Charlotte Hornets

Clifford Calls Out the Charlotte Hornets and Making Sense of Frank

Welcome to Buzz City Stings, Swarm and Sting’s daily roundup of the best Charlotte Hornets’ stories from around the web.

Buzz City Stings is your daily destination for the latest and best news from around the internet about the Charlotte Hornets. The team played uncharacteristically in their loss to the Washington Wizards and Steve Clifford had some choice words for his side after their third straight loss. In this edition, we make sense of Frank Kaminsky and look at players who have underperformed after a contract year like Marvin Williams.

Steve Clifford Tells Team to Toughen Up

“Clifford used the word “physicality” in just about every sentence of a severe critique of his team’s play. The summation: “I’m sick of looking at it,” Clifford said. “The game came down to physical play. If guys aren’t willing to be more physical, we’ll be an up-and-down team, we’ll struggle to make the playoffs,” Clifford said. “If we want to play with the physicality we choose to at times, we have a chance to be a good team.” (

After three consecutive losses on the road, head coach Steve Clifford seems pretty fed up with the Hornets’ recent performances. Rightfully so, as they are playing uncharacteristically and keep finding new ways to beat themselves. Whether it be with turnovers, poor shooting, or allowing offensive rebounds, Charlotte need to find their rhythm and return to form before this losing streak begins to linger because coach Clifford is right about this poor play (lack of physicality) hurting them in the long run.

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Making Sense of Frank Kaminsky

“Therefore, the third big man spot behind Cody Zeller and Marvin Williams is actually a good place for him. When the match-up’s right and there is a good hiding spot on defense or a need for his offensive play, coach Clifford can up his minutes or close out games with him (as he has done). Despite the shabby results, playing Kaminsky at the five definitely should be explored in fourth quarters or against teams that don’t offer much of penetration. His ability to shoot and put the ball on the floor is a premium for a center. In a similar vein, Clifford can rely more on his starters in games where the new age fours could cause Kaminsky problems.” (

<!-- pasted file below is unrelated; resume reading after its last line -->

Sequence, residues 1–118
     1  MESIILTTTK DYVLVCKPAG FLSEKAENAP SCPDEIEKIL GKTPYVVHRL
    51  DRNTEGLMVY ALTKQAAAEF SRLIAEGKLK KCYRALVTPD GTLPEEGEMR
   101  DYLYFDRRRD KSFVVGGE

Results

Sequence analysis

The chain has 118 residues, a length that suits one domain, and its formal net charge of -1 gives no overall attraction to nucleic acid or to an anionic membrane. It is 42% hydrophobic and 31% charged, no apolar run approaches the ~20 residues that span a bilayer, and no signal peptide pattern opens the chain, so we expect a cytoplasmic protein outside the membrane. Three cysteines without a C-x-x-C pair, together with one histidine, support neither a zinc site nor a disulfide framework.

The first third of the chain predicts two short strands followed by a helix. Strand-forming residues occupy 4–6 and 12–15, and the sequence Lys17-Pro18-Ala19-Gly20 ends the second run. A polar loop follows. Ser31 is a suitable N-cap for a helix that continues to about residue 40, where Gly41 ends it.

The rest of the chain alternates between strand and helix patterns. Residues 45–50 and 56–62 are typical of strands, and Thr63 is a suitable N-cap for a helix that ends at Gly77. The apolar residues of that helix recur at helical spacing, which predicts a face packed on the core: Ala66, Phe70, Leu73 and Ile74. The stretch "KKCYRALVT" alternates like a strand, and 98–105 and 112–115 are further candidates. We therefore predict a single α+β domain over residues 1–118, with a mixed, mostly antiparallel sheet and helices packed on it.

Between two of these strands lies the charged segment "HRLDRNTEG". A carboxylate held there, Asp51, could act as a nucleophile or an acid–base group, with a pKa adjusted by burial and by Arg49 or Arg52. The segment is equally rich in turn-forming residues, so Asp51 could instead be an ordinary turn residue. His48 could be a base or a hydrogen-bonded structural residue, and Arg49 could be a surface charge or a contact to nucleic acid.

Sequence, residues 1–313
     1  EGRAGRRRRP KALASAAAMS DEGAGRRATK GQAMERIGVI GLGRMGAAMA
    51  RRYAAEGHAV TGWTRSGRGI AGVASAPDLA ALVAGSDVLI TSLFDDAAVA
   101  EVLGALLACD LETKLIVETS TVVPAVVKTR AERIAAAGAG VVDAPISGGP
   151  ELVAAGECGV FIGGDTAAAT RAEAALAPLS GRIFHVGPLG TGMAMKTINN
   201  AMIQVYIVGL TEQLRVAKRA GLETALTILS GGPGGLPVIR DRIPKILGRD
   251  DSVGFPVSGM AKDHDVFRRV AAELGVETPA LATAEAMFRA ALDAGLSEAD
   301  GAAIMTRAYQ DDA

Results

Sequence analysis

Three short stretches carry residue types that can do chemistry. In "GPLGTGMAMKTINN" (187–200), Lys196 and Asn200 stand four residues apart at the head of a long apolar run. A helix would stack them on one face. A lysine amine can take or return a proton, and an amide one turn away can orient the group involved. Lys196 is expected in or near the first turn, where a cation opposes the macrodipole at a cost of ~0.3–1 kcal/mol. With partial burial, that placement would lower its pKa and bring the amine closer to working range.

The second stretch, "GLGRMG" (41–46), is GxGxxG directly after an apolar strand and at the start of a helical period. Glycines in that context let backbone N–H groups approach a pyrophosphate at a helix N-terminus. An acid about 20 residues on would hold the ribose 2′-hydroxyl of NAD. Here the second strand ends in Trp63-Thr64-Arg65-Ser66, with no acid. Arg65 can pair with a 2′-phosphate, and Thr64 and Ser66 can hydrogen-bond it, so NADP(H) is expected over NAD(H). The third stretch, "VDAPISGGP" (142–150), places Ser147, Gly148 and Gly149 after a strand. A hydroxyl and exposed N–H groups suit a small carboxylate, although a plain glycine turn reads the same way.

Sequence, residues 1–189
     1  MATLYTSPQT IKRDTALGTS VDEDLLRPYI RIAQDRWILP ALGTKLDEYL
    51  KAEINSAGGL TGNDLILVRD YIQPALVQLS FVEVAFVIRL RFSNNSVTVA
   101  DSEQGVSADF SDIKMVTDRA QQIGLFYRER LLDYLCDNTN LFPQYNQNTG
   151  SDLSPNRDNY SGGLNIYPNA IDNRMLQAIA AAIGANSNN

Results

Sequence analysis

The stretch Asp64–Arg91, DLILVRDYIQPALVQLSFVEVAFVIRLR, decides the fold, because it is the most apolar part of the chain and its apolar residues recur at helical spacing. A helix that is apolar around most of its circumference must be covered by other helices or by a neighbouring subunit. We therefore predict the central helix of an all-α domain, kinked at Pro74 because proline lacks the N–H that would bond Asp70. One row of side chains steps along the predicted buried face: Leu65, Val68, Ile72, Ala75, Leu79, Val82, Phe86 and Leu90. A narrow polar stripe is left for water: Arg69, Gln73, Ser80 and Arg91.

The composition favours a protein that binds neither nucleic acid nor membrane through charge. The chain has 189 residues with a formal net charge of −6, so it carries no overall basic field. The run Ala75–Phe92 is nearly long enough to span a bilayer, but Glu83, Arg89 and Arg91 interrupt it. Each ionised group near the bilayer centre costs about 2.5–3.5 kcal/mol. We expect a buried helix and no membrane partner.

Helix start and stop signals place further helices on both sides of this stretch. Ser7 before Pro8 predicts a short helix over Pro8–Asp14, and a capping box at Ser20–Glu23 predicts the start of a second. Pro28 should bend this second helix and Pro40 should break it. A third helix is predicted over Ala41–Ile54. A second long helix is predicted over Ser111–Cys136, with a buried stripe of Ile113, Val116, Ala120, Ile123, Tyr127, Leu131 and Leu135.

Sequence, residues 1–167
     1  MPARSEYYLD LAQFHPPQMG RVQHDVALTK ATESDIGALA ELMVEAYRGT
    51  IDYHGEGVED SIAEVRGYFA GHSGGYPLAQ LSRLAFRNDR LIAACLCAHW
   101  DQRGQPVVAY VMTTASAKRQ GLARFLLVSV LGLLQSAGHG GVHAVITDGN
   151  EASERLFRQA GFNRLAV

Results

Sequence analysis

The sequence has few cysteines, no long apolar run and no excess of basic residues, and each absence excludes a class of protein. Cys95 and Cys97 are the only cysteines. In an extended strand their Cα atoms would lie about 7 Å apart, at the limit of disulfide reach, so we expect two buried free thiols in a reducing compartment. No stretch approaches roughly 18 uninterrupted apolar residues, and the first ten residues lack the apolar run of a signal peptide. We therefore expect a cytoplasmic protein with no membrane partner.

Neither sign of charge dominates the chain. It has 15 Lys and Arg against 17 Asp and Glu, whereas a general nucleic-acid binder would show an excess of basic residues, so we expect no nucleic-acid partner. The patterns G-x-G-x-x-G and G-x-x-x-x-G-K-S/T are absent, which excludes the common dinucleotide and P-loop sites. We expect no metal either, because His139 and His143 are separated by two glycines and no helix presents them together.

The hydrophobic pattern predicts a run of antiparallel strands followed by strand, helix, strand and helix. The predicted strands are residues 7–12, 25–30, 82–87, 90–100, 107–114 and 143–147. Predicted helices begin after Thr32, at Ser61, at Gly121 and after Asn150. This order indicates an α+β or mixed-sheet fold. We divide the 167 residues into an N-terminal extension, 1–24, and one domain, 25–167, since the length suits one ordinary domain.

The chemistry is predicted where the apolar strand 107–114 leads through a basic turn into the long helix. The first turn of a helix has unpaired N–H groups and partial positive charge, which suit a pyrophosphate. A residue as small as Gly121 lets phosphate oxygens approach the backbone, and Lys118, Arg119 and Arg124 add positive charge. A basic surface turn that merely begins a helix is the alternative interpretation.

This breakdown of Frank Kaminsky gives an optimistic outlook on the future of the second-year big man and that is the right approach even though he is struggling a bit at the moment. The former Wisconsin Badger is going through a sophomore slump but he has also developed his game in some ways that this article highlights. Making sense of Kaminsky is difficult because of where he was drafted and how the situation in which he was but Frank is proving, at the very least, to be a decent bench scoring stretch four at the NBA level.

The Marvin Williams’ All-Stars

“I feel bad about this. After a decade in the league as a nondescript, fringe NBA starter haunted by his high draft position, it was, in retrospect, too much to expect that Williams’s inner light bulb had finally turned on. He had done this before, after all. In his previous contract year, 2008–09, Williams averaged 14.5 points per-36 minutes on 56.9 percent true shooting. Both were career highs at the time. But the fall-off wasn’t anything like this. Williams is posting the steepest regression in effective field goal percentage in the league this season.” (

As the year goes on, the whispers are starting to get louder about the poor play of Marvin Williams. After a great season in his contract year last campaign, the Charlotte Hornets’ starting power forward seems to be regressing. He missed a few games due to a knee injury but when healthy, he hasn’t been great. For the team’s sake, hopefully, he can turn things around and prove to be worth his four-year, $54.5 million deal.

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